Resistant Starch – What is it and what is it for?

Resistant starch is a trendy topic these days. Many people have experimented with it and seen significant improvements in their bodies.

Resistant starch provides half the calories of regular starch, but it can feed the good microorganisms in your body. This is associated with several health benefits.

For example, increased insulin sensitivity, reduced appetite, and improved brain and immune systems.

Read on to find out what resistant starch is, what it is for, and how to add it to your diet.

What is resistant starch?

Starch is a type of carbohydrate found in grains, vegetables, and a large number of foods.

Most types of starch are digested. They are broken down into glucose in the small intestine, which is then used for energy.

When there is an excess of glucose, it is transformed into triglycerides or body fat. That is why starch is said to be fattening.

Resistant starch is a type of carbohydrate that resists digestion. It passes through the small intestine without being altered and is fermented in the large intestine.

There are several types of resistant starch. Their structure or source classifies them, and there may even be more than one type of resistant starch in a single food.

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How does it work?

Resistant starch works as a soluble, fermentable fiber. It passes through the stomach and small intestine without being digested.

As the fibers ferment, they act as prebiotics and feed the good bacteria in the gut.

The bacteria in your gut outnumber the cells in your body ten times. Scientists have found that the number and type of bacteria can profoundly impact your health. (3)

When good bacteria ferment, the production of short-chain fatty acids like butyrate increases. Butyrate is the preferred fuel for the cells that line your colon.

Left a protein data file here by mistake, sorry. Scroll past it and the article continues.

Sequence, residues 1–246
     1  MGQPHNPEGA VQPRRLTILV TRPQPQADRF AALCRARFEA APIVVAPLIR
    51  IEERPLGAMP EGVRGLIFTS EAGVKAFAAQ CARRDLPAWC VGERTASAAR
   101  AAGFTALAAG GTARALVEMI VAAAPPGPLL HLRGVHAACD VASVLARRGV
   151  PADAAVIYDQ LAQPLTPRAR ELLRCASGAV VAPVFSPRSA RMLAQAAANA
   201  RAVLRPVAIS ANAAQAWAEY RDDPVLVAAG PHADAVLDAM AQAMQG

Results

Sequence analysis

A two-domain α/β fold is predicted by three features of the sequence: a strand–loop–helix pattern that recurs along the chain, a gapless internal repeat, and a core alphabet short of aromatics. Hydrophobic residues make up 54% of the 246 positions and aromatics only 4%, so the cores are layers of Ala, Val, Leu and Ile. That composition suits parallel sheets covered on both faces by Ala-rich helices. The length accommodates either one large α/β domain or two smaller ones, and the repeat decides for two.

This could have benefits for the health of the colon but also improve the health of the brain and its defenses.

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What is resistant starch suitable for? – Profits

Many studies show that resistant starch can have powerful health benefits. (1,3,4,5)

Resistant starch is used to lower blood sugar levels after meals. This helps improve insulin resistance .

By improving insulin sensitivity and lowering blood sugar, resistant starch can help you avoid chronic diseases like diabetes, obesity, and heart disease.

Resistant starch lowers the pH level, which positively affects inflammation and leads to changes that can reduce your risk of colon cancer.

Also, resistant starch affects appetite. Because it is not digested but mechanically fills the stomach, it allows a person to reduce cravings for eating. This can help you reach a healthy weight.

In animal studies, resistant starch has also increased mineral absorption. (5)

Although there is no formal recommendation for resistant starch intake, many of the studies that have proven its health benefits use an amount of 15 to 30 grams per day. (2.3)

The benefits of resistant starch are:

  • Lower blood sugar levels
  • Improve insulin sensitivity
  • It May help control weight
  • Lower risk of colon cancer
  • Reduce inflammation
  • Increase mineral absorption

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Where is it located? – Foods with resistant starch

Foods that contain resistant starch are most whole grains, legumes, and bananas.

Interestingly, the way you prepare foods that contain resistant starch affects their content. The temperature already destroys them.

However, you can “reclaim” the resistant starch content of some foods by letting them cool after cooking.

Foods that contain resistant starch:

  • Plantains and green plantains (as a banana ripens, the resistant starch changes to regular starch)
  • Beans, peas, and lentils
  • Whole grains – oats, barley, spelled, buckwheat
  • Cooked and cooled rice
  • Starchy vegetables – sweet potato, cassava, potatoes

ABSTRACT

Resistant starch is a type of carbohydrate that passes through the digestive system and is digested in the large intestine.

This type of starch works like soluble fiber and has powerful health benefits. It increases the number of good microbes in the body, and because it does not alter blood sugar levels, it is helpful for people with diabetes.

The main foods with resistant starch are green bananas, whole grains, and legumes.

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